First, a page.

Cityzen Society

Money, money, money....

Illustration : Sreejith R. Kumar  

We were watching a TV programme on the elections in the United States on Tuesday night when my sister called. ‘Heard the latest?’ She sounded agitated. ‘Took us totally unawares.’

‘Yes,’ I responded, eyes glued to the television. ‘Can’t believe it; they are actually giving Trump a chance.’ ‘Trump? Hrrrump!’ Her voice began to break. Was she crying for Hillary? She became intermittently audible. ‘I’m at the ATM at… and …long queue…been standing…’ her voice faded out like the ending of a wistful song. I now realised it was her phone, not her emotion, which was responsible for the histrionics. She has one of those phones that adds excitement to conversation and tests your ear like a tuning fork.

But why would she explain her movements to me? There was a mystery here, so I dialled her number. ‘It’s 500s.’ Her voice went silent, then I heard a whispered, ‘1000s.’ What on earth? Were these the odds for Trump? I didn’t realise my sister even knew the betting lingo. ‘I’m following the polls keenly on BBC,’ I said, not wishing to be outdone.

‘Polls? BBC?’ Now her voice rose. ‘You’re crazy. Don’t you want to know what the nation already knows? Five hundred- and 1,000-rupee notes have been banned. Watch the news. Ah, the line is moving.’ She ended the call.

Banned? I switched channels and the full blast of the hot news hit us. We were flabbergasted to find how adroitly the noteworthy, healthy 500- and 1000-rupee notes had been rendered unworthy and put in quarantine. Hillary was dropped and Trump dumped as we watched in disbelief the news channels playing the theme of corruption and black money.

The next day was declared a holiday for banks and post offices; ATMs weren’t functioning either. A considerate gesture, commented cynics, to give people time to mull over the repercussions of a sudden de-monetisation. A practical decision, said commerce-savvy people since the financial institutions needed to get ready for the prospective assault on their coffers. Shops were open but people didn’t have smaller denomination notes. Most had the villainous currency but shops wouldn’t accept them. So people spent their time soul searching, airing their views and spreading rumours.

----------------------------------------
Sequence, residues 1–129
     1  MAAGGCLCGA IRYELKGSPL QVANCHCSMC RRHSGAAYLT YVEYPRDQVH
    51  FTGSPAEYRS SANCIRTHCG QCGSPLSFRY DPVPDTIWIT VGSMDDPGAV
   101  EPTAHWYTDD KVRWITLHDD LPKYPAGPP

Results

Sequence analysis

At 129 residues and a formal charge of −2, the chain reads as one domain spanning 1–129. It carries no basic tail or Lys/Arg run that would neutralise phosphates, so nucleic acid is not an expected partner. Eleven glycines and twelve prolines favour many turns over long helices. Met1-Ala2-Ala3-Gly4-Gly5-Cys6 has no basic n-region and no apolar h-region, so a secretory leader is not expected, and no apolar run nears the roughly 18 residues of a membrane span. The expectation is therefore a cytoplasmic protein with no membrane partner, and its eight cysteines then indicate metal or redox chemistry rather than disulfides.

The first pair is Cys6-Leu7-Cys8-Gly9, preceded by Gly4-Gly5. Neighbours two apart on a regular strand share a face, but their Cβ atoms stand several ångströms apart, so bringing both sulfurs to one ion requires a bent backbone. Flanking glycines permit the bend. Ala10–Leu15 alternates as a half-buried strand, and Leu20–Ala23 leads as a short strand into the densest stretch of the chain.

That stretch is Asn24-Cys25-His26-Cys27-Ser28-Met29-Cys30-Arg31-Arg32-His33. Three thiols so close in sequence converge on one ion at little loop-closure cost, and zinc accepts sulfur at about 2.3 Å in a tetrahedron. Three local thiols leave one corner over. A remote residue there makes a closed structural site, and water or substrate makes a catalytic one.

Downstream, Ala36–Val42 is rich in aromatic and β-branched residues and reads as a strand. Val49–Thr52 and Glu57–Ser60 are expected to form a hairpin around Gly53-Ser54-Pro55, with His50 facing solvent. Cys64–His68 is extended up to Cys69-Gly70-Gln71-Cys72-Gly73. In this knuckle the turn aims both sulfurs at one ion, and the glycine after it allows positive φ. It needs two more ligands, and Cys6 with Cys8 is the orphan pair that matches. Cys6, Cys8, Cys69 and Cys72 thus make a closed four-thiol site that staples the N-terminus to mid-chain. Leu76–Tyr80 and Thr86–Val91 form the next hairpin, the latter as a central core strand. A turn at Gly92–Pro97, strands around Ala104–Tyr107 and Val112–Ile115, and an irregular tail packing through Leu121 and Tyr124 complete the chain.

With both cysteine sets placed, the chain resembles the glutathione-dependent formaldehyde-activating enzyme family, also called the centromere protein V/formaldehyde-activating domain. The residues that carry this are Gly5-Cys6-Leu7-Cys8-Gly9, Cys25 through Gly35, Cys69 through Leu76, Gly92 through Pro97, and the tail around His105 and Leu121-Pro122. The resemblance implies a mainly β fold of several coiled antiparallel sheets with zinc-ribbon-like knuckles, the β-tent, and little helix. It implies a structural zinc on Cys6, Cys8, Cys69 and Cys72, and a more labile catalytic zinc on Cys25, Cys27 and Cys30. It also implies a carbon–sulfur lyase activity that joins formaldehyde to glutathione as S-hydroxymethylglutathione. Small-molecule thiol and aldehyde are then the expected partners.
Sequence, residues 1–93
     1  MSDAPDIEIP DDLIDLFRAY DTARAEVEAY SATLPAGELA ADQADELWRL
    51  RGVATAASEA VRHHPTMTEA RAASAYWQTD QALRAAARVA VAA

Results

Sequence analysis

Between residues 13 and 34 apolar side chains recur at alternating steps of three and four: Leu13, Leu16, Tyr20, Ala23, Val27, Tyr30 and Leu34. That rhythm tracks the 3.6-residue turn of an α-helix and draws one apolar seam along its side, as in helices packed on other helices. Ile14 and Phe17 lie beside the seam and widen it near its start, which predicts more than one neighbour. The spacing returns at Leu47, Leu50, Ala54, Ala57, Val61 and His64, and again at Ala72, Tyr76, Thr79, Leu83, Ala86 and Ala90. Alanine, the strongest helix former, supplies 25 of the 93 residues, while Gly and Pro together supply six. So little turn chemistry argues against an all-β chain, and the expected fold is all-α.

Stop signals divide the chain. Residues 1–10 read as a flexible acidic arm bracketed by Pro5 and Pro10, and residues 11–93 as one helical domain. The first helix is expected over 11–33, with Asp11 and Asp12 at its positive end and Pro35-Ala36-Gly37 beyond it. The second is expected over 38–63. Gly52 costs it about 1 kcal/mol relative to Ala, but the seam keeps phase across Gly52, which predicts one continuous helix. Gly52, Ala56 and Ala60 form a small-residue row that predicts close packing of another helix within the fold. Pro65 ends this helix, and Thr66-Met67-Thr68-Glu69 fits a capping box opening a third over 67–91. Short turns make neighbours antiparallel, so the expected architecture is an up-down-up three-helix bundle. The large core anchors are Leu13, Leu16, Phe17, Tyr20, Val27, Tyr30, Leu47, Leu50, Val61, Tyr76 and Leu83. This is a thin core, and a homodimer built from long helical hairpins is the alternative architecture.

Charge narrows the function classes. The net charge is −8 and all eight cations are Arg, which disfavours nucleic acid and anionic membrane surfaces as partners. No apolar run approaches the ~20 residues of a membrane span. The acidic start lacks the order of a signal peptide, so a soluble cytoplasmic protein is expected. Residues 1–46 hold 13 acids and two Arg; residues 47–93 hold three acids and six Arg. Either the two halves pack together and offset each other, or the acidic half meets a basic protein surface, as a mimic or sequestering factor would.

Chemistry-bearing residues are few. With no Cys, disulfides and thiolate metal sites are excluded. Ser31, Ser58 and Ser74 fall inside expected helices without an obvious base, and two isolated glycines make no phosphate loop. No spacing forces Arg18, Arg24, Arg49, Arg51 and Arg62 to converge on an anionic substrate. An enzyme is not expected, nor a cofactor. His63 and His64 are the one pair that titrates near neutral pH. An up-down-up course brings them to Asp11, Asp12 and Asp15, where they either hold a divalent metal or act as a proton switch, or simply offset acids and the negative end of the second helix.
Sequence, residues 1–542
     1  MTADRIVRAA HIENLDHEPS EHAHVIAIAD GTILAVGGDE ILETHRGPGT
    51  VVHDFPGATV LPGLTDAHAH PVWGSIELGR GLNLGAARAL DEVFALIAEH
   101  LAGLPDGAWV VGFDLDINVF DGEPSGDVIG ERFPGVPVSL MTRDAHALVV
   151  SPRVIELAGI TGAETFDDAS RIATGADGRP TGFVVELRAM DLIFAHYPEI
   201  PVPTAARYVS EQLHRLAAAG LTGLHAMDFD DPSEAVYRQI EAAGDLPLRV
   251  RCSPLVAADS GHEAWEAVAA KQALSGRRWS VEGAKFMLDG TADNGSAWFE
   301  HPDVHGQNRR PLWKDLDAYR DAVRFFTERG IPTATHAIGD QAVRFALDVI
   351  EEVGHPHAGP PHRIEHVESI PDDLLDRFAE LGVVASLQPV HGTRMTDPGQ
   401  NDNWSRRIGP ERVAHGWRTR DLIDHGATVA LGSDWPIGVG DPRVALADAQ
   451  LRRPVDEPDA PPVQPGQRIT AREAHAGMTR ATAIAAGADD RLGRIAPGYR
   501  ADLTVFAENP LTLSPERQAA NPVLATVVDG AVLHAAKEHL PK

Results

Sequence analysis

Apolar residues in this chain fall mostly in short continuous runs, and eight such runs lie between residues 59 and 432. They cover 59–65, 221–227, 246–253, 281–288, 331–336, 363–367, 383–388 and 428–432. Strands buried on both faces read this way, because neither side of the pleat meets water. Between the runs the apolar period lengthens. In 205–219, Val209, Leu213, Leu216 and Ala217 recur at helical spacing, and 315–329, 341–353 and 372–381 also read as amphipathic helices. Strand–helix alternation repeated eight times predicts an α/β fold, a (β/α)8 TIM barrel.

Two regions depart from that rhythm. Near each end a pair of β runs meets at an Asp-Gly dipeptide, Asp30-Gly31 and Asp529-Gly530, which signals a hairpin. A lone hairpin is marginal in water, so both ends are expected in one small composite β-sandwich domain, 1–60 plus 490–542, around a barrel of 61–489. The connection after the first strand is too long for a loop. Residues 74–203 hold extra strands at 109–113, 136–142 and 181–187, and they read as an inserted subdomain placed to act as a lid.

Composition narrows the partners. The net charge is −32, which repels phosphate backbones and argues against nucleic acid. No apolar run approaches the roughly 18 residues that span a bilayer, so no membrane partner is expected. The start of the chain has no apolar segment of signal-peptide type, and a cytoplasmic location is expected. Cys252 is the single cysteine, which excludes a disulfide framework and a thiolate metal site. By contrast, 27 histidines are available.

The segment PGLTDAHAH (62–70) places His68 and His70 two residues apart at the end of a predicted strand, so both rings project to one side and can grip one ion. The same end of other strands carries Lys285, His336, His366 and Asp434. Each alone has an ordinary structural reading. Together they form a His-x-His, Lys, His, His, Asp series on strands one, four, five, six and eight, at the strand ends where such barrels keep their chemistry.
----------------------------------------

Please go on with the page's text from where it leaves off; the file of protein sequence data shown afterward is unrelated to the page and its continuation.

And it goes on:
I began my treasure hunt, examining my purses carefully. I didn’t know I had so many, most of them old and frayed with rusty zips whose pullers came away in my hands with every enthusiastic tug. But, oh, the joy when the abused purses revealed tenners, the occasional hundred or a fifty, not to mention the loose change! And the chagrin when a five hundred or a thousand popped up!

Someone had told my friend’s maid that banks will take away her money and not return it. Her next worry was she didn’t have an account but her permanently drunken husband had. She had been squirrelling away some of her savings so that he couldn’t get his unsteady fingers on them. Now she would be forced to hand them over and watch them get converted to a one-time liquid investment.

The rich and the users of plastic money are fine; it’s the farmers, labourers, petty traders, auto drivers and daily wage workers who are some of the worst hit. Spare a thought for housewives, working women, women labourers and maids, many of whom had been saving money out of their housekeeping funds and earnings. The money, safe from the prying eyes and greedy fingers of the spouses, was kept aside for an emergency, the education of their children, to buy gifts or for a personal indulgence.

I wondered what would happen to those women who must have been saving for a beauty treatment. I recall this incident that happened a few years back when I didn’t have a mobile. I was setting out to have my hair trimmed when the landline rang. An uncertain voice wished to speak to me. It was the lady from the beauty parlour. I was a little late and she wished to know if I was keeping my appointment. She apologised for calling on my land phone saying she never contacted her clients on their landlines if she could help it. Apparently many of them came incognito to the parlour since their husbands or in-laws would raise their unplucked eyebrows at beautification. I told her not to worry; my hair appointment was something like a five-year-plan and fell just short of making it to the papers.

Now it’s time for my next hair trimming. I have permission for it and a mobile, but no money…


(A fortnightly column by the city-based writer, academic and author of the Butterfingers series)

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Printable version | Jul 23, 2021 5:44:22 PM |

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